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M-banking services should target offline customers - survey

07 October 2009  |  10188 views  |  2 Wells Fargo M-banking

American financial institutions should mine the untapped market of offline customers as a potential target audience for mobile banking and payment services, a survey commissioned by VeriSign suggests.

Until now, banks have been focused on moving customers from the online to mobile channel, says VeriSign, which partnered Fiserv and M-Com on the survey.

This means they are simply migrating some transactions from one low-cost self-service platform to another, making it difficult for banks to make a substantial return on their investment in m-banking.

The survey of 501 US mobile phone users, conducted by Palmer Research, suggests banks should instead target offline customers that use more expensive channels. Nearly two-thirds of respondents that do not bank online say they contact their financial institution once a week or more through channels such as call centres and interactive voice response systems.

Yet 60% of these customers would be interested in using at least one service via their handset if it was offered during a typical month.

Adam Clark, CEO, M-Com, says: "Mobile banking is by far the lowest-cost non online banking channel available today, at an estimated eight cents a transaction. If you compare that to other banking channels such as call centre at $3.75 and IVR at $1.25 or even ATM at 85 cents, you can see how moving consumers to mobile banking will yield significant cost savings."

The survey also shows that financial institutions should target the growing audience of smart phone users for mobile banking. Over three quarters of smart phone users say they would likely adopt mobile banking services in the future versus just 54% of basic cell phone users.

In addition, the survey again highlights the importance of educating customers about security, with 53% of respondents citing concerns about m-banking's safety as a key barrier that would prevent them from using it.

"Even though we have yet to see significant security threats when it comes to mobile banking, financial institutions need to address concerns over security to help consumers overcome their fears," says Charles Landry, general manager, products and innovation, VeriSign Messaging and Mobile Media.

Comments: (2)

A Finextra member
A Finextra member | 07 October, 2009, 16:45

This research is on the right track, and I recommend a high degree of willful precision in acting on the recommendations. While smartphone users are indeed an important population, in the US one segment of smartphone users are really accounting for the lion's share of actual usage: iPhone users. Our recent mobile banking survey showed that a whopping 50% of iPhone users are using mobile banking today, yet if you remove iPhone users from the overall smartphone population you'll find that the people with Blackberries, Treos etc just aren't all that great of an audience.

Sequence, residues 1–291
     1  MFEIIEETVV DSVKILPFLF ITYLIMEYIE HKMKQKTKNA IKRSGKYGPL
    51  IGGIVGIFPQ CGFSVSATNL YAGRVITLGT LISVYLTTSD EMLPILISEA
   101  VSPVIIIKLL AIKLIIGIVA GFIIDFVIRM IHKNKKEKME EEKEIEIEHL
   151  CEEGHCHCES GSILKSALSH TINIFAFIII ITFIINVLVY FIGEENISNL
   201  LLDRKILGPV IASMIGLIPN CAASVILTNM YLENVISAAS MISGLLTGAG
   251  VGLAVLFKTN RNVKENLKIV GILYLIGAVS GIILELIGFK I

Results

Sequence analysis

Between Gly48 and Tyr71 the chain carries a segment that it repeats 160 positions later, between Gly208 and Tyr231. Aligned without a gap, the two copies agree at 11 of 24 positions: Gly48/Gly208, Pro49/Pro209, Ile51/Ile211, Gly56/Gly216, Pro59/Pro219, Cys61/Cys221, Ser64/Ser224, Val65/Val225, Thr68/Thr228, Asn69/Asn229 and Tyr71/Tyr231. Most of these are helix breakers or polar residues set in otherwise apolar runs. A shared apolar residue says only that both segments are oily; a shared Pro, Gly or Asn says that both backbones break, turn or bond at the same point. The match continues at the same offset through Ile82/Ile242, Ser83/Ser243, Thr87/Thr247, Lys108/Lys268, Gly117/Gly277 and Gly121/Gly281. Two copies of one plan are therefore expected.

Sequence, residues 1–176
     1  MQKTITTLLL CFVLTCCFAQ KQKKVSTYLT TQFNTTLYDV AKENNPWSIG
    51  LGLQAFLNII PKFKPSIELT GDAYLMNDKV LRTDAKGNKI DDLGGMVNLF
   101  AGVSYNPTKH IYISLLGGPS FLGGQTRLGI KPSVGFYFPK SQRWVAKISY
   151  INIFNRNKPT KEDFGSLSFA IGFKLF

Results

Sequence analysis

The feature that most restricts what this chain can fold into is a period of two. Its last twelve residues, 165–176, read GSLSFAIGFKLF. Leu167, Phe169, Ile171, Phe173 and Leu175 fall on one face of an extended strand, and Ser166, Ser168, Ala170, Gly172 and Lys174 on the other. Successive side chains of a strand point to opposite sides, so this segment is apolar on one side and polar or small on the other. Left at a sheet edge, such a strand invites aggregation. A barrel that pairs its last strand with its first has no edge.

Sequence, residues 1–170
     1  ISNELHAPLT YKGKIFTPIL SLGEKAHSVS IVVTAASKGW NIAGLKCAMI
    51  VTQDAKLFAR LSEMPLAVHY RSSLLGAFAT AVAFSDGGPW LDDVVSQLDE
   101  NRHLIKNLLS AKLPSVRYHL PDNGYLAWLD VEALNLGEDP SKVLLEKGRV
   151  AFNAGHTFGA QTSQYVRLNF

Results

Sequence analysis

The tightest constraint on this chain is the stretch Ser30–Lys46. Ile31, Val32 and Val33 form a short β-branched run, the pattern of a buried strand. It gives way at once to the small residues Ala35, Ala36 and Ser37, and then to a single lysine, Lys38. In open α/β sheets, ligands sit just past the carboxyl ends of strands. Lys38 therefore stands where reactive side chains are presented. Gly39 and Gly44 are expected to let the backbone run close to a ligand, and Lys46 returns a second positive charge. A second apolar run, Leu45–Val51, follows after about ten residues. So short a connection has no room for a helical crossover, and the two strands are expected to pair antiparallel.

From a different survey fielded last year (also with a couple thousand consumers) we also found that one particular mobile banking application represents unique growth and fee opportunities to bankers, tech vendors and telcos: person-to-person payments to the unbanked. Our 2008 report showed that lower income predicts *higher* interest in using mobile banking to send funds to other people.

Because of mobile banking's unique "app-specific" appeal to certain low income people, bankers must also stop today's common practice of requiring customers to enroll via desktop/laptop Internet. The reason is that many of tomorrow's mobile banking customers will bypass traditional fixed-location Internet banking altogether, so if you limit enrollment in M-banking to those that use a desktop or laptop, you'll miss the boat. For more on this see either our 2008 Mobile Banking Benchmark report, or just wait a week or two for the latest version that scores actual mobile banking offerings from the largest US banks against criteria we developed based on our seven years of longitudinal consumer survey responses. 

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A Finextra member
A Finextra member | 08 October, 2009, 16:04

Interesting statistics - I spend a good deal of my time with banks in the Middle East, many of which are looking to mobile banking as a way to engage customers who don't have day-to-day Internet access, but do have their phones with them.

Unfortunately, the approach we take - using the video channel on 3G phones to deliver fast, intuitive applications - isn't available on US networks, but the the business case for providing service is very similar.

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